But it’s far from being true. You have yet to build enough trust with folks for them to buy your products or consume your content. You probably don’t even have the skills to create the type of content that they most want or need to consume.

This takes time. A lot of it.

But you are setting yourself up for heartbreak and failure if you lose your drive because you are not earning the kind of money you were expecting to earn.

As you create more, you will earn more. The trick is to keep punching those keys, to keep uploading those YouTube videos, even though you’re not seeing an immediate payoff from your work.

Keep in mind that a little by little always becomes a lot.

Accept that you will need to do the work. And you won’t always love the work you do.

And when the thing you love to do loses some of its magical enthusiasm, the moment it becomes a habit you force upon yourself, that’s when you will most feel like giving up. If you want to make money blogging, keep punching those damn keys.

There’s nothing romantic about working with purpose and drive. You need to give up on idealistic notions; idealism destroys every deal.

Lastly, accept that making an income from blogging is not about being a brilliant writer, it’s about consistently producing content that your audience can relate to. Writing this type of content is not magic, it’s not art, it’s a skill like any other that you develop.

Accept that making money blogging is so difficult because 99.9% of content creators mistakenly believe it’s supposed to be effortless. It’s not. It’s risky. It’s painfully slow. It’s terrifying at times. There’s a lot of uncertainty you have to handle, while punching those damn keys until your hands hurt.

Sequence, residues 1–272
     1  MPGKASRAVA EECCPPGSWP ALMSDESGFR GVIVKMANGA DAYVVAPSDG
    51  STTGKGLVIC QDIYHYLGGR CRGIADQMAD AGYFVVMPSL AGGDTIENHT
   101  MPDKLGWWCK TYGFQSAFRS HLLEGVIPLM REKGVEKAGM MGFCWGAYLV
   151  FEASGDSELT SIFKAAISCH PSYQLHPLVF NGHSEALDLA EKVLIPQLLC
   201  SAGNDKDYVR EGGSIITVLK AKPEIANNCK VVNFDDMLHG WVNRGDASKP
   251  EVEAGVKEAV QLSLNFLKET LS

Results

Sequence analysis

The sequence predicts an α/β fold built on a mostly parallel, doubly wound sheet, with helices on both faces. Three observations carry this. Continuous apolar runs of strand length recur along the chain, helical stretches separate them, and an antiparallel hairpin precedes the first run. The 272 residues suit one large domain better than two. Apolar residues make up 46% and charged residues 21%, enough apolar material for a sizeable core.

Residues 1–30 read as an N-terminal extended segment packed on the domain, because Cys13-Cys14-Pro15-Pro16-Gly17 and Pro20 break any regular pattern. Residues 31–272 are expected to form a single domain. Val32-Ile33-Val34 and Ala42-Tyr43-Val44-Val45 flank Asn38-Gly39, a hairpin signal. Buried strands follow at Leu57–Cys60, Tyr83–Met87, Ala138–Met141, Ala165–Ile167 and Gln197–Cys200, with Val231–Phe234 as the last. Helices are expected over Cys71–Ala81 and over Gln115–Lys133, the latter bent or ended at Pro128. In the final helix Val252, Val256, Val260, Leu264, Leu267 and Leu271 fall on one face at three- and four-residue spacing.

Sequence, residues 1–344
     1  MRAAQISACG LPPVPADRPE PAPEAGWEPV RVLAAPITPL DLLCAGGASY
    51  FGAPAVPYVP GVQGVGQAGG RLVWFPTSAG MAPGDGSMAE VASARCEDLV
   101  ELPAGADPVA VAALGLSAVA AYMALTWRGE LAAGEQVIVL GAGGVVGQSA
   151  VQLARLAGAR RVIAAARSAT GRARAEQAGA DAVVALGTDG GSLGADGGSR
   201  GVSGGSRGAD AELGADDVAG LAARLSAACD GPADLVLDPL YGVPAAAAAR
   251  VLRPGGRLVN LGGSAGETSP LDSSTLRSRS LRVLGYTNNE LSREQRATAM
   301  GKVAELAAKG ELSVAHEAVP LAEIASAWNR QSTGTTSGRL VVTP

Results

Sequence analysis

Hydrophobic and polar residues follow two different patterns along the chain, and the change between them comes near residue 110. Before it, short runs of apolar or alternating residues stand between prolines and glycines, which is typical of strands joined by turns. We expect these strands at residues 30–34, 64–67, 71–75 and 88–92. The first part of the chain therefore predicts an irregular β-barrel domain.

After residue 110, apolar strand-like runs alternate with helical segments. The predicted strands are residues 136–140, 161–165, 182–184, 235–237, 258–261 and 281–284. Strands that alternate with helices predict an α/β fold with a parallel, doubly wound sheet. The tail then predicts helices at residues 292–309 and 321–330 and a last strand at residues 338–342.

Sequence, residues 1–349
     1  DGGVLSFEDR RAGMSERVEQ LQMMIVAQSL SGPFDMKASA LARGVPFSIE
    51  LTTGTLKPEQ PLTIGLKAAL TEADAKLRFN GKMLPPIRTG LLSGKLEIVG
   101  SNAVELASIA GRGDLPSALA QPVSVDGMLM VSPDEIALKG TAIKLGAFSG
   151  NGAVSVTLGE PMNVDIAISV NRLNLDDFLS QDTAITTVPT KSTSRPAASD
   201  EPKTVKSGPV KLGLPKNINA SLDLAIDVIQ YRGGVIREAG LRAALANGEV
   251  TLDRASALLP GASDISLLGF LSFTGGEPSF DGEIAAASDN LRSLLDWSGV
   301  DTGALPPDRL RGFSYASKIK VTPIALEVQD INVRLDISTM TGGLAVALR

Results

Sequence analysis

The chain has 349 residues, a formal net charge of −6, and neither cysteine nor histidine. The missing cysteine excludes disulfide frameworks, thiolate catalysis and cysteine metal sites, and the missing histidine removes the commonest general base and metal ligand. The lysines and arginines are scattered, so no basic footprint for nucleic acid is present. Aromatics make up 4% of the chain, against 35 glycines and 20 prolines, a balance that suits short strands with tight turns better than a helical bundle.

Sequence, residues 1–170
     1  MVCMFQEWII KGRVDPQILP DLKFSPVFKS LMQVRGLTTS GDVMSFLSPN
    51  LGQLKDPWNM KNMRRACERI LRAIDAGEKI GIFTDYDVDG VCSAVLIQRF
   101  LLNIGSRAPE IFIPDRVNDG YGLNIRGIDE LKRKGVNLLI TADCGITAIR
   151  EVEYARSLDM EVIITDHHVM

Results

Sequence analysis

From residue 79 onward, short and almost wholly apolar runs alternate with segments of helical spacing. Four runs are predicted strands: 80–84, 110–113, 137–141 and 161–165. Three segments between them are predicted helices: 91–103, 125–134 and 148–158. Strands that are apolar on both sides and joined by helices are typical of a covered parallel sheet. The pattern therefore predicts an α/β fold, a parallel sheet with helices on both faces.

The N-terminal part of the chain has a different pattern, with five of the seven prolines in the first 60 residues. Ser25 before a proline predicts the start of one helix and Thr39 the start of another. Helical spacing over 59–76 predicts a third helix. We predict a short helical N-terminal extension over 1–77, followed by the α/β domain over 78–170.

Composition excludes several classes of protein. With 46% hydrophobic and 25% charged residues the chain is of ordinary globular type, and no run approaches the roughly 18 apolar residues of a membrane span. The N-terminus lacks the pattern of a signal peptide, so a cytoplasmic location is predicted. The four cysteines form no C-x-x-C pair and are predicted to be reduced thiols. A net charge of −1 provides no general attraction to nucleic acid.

But it’s also worth it. Not because you can go out and buy all the things you don’t need with the money you earn, but because earning money from the words you share with others is validation that you have an impact, that you have become an influence in an overcrowded online environment.

This is what the money means: it’s another cold metric that shows you how much people care about the words you share with them.

Cristian Mihai

Became Internet famous by the age of 23. Never recovered. I write short author bios all over the web. I’m an acquired taste. Don’t like me? Acquire some taste.

15 thoughts on “The Honest Truth About What It Takes to Earn a Living Blogging10 min read

  1. Great stuff as usual. I’m lucky that I still feel the drive to keep at this, even though I’ve earned about USD10 from Medium so far. Thanks for being transparent with your earnings and inspiring other bloggers out there!

    1. Hi Stuart,

      The trick is to keep going. Little by little, a little becomes a lot.

      Now I am averaging $12 per day, which is more than I earned during my first week in March.

      1. Since Medium became a paid service I have left. Is it even worth signing up unless your at a certain level with your writing that people actively read your content? Thanks.

      2. To be honest, it’s much more competitive than

        But there’s so much to learn, so much content, so many brilliant people to connect with.

        It’s an entitely different breed. Well worth the trouble, but it does require a lot more effort to build a platform there.

  2. Your wisdom drips of the page (screen), highly inspirational person. Money is not my aim as a writer reach is, but to get either you have to become a master, you have to write content as you have stated, that people would pay for. 🙂

  3. Haha! I am so psyched at my first $5 after 3 months of blogging! Thank you for that post it’s good to know that I’m in good company. xx

  4. The important thing is to keep going. Great work Cristian.
    I’ve not yet earned anything from Medium though. Lol

  5. Cristian, your honesty is refreshing and so rare. I mainly focus on the personal blogs of those who are old or almost old, and most of us are not blogging for an income. Yet nearly all your advice applies to us too.

  6. That question ‘Would I pay to read a blog like mine?’ Really cuts deep for me. As someone with some confidence issues, I find it really tricky to believe in the things that I write or say. I’m working on it and I suppose the more I get in touch with my authentic voice, the more people will like what I write.